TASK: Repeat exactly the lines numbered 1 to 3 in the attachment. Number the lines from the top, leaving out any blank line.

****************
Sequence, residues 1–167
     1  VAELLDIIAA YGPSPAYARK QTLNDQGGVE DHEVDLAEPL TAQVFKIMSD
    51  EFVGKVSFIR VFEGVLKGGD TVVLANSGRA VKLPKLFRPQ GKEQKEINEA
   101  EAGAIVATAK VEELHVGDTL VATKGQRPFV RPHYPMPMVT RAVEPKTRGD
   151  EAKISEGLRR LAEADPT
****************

Sequence, residues 1–167
     1  VAELLDIIAA YGPSPAYARK QTLNDQGGVE DHEVDLAEPL TAQVFKIMSD
    51  EFVGKVSFIR VFEGVLKGGD TVVLANSGRA VKLPKLFRPQ GKEQKEINEA